Also locally, the kids at Evergreen lake didn't weigh as many fish.  The largest bag had just three fish in it and weighed about five pounds.  That bag belonged to Deer Creek Mackinaw.  Also advancing to state were Metamora Township and Normal Community.

Statewide Roundup

Stewart's seven pounder appears to be the biggest in the state.  An honorable mentions go to Neil Smith's six pounder from Forbes Lake, and Evan Chamber's 5.75 pounder from Shabbona Lake.

State wide, the largest bag came from Clinton Lake, where Clinton HS weighed in a limit at 16.45 lb.  Also at Clinton lake, GCMS weighed 15.65 pounds of bass.  At Banner Marsh, Pekin's limit weighed 15.13 lb.  Oak Park - Fenwick wiped the floors at Skokie Lagoons by weighing 15.10 lb (second place there had just over four pounds).

As I expected Lake Egypt appears to have been the best all around fish producer again this year.  The top ten teams on the southern Illinois bass hot spot weighed double digit totals and 17 boats found a five fish limit.  Banner Marsh looks to have been the second best producer with just one team in the top ten stuck in single digits, and at 9.71lb Peoria Christian came close to cracking the 10 lb mark.

For more info about IHSA fishing click here.
For official sectional results click here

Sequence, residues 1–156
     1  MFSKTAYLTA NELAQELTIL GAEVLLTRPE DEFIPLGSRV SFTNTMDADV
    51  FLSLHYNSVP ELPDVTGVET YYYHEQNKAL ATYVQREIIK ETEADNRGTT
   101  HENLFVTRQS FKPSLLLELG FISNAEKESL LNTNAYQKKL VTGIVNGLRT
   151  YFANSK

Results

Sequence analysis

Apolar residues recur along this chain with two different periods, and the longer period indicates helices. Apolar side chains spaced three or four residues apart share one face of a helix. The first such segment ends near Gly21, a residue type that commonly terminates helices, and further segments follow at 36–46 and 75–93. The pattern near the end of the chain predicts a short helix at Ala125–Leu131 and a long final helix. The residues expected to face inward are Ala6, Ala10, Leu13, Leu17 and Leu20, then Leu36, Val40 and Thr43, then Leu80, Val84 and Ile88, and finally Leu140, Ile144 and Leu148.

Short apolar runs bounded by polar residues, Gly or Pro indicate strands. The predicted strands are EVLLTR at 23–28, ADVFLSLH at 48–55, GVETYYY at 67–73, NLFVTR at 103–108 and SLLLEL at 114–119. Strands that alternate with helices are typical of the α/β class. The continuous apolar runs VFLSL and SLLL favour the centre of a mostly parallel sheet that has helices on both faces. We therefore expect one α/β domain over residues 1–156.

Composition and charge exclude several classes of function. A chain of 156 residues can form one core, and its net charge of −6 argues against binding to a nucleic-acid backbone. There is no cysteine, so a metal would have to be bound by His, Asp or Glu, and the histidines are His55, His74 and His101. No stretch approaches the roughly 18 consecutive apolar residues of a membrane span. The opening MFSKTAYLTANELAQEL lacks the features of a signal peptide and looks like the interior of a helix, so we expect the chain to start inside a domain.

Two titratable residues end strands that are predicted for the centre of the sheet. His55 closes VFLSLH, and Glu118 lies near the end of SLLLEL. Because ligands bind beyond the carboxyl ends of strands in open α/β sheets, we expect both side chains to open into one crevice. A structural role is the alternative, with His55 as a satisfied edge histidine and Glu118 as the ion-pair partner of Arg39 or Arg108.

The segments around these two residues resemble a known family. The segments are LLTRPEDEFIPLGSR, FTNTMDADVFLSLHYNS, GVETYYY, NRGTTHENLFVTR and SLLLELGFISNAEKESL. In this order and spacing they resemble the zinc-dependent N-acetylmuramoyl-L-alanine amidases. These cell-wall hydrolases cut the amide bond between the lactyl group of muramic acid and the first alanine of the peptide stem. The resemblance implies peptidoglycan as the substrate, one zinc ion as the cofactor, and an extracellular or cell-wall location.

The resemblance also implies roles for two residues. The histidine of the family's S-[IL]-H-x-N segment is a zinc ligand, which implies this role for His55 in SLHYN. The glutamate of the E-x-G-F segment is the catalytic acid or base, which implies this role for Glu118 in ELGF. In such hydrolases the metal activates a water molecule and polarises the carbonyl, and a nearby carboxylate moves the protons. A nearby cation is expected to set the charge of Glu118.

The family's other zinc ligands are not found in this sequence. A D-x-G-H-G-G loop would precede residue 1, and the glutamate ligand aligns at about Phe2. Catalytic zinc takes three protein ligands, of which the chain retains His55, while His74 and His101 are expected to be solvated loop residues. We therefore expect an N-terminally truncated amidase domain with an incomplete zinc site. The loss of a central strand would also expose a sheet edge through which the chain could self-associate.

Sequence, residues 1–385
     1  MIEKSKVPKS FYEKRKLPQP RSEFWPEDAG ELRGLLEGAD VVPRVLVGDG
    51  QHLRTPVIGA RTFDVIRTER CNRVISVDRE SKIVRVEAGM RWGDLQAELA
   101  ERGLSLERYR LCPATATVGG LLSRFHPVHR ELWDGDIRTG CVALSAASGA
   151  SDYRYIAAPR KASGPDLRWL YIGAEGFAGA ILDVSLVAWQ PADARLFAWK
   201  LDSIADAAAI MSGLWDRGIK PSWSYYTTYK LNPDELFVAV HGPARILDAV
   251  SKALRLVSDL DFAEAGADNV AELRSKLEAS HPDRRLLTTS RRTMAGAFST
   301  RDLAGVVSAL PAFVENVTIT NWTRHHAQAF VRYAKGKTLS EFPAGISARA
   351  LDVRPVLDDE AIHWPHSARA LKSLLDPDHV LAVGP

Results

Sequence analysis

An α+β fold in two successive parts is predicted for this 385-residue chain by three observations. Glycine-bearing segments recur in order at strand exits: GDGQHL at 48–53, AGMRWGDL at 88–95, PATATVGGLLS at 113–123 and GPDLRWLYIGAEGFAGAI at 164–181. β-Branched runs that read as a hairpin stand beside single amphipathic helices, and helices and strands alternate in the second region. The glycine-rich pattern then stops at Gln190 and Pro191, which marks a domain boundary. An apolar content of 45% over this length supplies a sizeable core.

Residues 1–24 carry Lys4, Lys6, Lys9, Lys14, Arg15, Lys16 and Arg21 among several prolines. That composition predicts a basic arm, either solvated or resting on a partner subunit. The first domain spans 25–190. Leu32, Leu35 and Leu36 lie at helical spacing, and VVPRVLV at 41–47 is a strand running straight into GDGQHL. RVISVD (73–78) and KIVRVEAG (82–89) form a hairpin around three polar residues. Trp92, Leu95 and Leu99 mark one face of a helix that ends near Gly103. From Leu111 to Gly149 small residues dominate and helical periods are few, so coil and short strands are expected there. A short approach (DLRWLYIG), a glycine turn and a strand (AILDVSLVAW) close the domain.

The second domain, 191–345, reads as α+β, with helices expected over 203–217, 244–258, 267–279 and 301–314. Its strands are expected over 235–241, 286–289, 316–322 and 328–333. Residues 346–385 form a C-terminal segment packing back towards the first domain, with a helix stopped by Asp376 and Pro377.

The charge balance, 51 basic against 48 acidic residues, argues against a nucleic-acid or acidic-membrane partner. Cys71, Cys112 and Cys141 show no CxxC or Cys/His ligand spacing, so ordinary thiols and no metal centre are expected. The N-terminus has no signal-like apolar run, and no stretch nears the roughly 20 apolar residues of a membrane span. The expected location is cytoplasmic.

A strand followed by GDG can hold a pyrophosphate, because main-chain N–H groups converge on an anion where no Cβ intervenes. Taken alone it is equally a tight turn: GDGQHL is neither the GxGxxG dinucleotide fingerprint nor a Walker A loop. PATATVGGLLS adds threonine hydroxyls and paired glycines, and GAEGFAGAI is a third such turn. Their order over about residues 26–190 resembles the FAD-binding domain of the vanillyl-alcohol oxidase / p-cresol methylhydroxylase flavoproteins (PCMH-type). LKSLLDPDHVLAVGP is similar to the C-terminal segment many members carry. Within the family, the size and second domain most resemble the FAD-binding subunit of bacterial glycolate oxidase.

For Central Illinois tournament commentary on Prairie State Outdoors click here (thanks for the picture)

Apr 23, 2010

Good Times Between the Storms

Dave and I met up with Jonn Graham this afternoon after work. We climbed into the Mackinaw River a little after four and fished a few spots until dusk.  Jonn and I had met up on one previous occasion and made a fly swap by mail, during which I made out like a bandit.  This was the first time we actually did much fishing together.  The three of us fully committed to the fly rod and worked a few different areas of the river before the sun finally gave out.

Jonn and Dave swapping rods

Jonn has a pretty nice Sage rod, which he let us take for a spin.  It's the Sage Smallmouth BASS Rod, and comes with a sinking tip line.  I'm not sure if it was the rod or the line, but everything about that package felt right.  As a guide, Jonn is in the Sage guide program and is encouraged to plug products such as this.  Today he did his job, Dave and I both loved it.  She's a little pricey for a cheapskate like myself, but a guy can dream can't he?  *Update, I was wrong about the sinking tip line - see the comment section for more info*